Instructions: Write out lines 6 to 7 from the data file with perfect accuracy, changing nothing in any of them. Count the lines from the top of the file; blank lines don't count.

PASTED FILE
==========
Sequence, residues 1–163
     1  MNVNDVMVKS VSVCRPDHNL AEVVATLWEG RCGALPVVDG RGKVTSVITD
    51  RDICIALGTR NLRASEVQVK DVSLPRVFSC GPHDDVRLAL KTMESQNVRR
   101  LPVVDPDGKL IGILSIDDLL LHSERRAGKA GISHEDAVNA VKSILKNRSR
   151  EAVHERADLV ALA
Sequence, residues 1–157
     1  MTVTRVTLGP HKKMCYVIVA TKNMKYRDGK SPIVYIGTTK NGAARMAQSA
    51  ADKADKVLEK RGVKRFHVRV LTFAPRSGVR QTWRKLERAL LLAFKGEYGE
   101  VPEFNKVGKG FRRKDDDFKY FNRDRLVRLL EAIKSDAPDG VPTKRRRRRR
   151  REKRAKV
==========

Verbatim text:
Sequence, residues 1–157
     1  MTVTRVTLGP HKKMCYVIVA TKNMKYRDGK SPIVYIGTTK NGAARMAQSA